13:22 GMT12 April 2021
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    Amazon and Google are racing each other to acquire and store data on human DNA, with both companies competing for market share in an industry estimated to be worth around $1 billion by 2018.

    That has led academic institutions and healthcare companies to choose one cloud computing service or the other: Google Genomics or Amazon Web Services.

    The growth of the industry is due, in part, to the increasing demand for personalized medicine, which patients are treated based on their DNA profile.

    In order to understand how certain genetic profiles respond to different treatment, a large amount of data is required. Drug manufactures and universities, alike, have already begun projects to sequence the genomes of thousands of people.

    Clients rely on Google and Amazon to store genomics data rather than housing it on their own computers because they believe the tech giants do a better job keeping it secure, controlling costs and allowing it to be easily shared.

    Google is charging $3 to $5 per month for its service, while Amazon charges $4 to $5 per month. The companies also charge for computing data and data transfer, when scientists use the analytical software.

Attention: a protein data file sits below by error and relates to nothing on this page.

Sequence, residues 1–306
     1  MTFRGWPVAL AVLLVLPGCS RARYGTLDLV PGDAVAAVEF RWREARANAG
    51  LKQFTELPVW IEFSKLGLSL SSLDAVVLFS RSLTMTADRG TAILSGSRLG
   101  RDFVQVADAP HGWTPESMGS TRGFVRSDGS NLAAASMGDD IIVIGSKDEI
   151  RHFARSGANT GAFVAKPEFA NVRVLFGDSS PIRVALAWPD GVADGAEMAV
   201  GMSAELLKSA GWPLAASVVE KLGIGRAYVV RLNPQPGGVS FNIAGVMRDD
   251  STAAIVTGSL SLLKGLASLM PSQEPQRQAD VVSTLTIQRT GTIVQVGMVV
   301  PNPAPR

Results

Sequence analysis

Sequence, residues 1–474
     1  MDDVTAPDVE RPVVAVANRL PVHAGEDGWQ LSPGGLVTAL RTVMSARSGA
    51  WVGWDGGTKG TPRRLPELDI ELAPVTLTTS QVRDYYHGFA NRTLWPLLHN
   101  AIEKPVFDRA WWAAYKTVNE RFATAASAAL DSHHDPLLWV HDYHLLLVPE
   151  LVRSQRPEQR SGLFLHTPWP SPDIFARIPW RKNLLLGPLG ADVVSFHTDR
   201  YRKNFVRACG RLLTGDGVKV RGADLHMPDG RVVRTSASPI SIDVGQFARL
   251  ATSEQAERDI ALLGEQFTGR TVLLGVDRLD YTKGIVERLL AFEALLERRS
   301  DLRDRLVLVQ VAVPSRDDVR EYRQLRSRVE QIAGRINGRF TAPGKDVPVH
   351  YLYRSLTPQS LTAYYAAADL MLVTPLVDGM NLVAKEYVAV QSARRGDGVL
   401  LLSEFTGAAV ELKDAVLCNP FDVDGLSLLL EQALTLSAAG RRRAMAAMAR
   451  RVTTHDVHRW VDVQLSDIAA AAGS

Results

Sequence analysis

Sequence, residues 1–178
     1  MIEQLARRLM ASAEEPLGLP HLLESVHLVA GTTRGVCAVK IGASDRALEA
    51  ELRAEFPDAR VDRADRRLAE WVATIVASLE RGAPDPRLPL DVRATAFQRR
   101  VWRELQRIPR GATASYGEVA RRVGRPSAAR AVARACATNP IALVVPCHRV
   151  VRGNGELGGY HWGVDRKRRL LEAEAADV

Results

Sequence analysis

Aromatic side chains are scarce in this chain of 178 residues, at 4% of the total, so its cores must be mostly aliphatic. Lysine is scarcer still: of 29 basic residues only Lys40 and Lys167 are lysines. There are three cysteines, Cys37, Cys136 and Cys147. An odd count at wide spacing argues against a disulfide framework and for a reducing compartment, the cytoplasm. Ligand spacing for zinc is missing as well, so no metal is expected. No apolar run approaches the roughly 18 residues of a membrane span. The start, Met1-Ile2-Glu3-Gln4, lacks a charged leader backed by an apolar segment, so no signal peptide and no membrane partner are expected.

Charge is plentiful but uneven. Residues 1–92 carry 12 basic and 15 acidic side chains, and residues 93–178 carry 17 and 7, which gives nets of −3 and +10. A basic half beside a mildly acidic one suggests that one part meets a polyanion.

Now an estimated $100 million to $300 million business globally, the cloud genomics market is expected to grow to $1 billion by 2018, research analyst Daniel Ives told Reuters. By that time, the entire cloud market should have $50 billion to $75 billion in annual revenue, up from about $30 billion now.

    Google and Amazon are also working to develop analytics for this kind of DNA data, which helps scientists analyze their data more easily. Microsoft Corp. and IBM are also trying to enter that segment of the industry.

    Neither company discloses the amount of genomics data it holds, but based on interviews Reuters conducted with analysts and genomic scientists, as well as the companies' own announcements of what customers they have won, Amazon Web Services may hold a larger share.

    cloud computing, genomics, DNA, Google, IBM, Amazon, Microsoft, US
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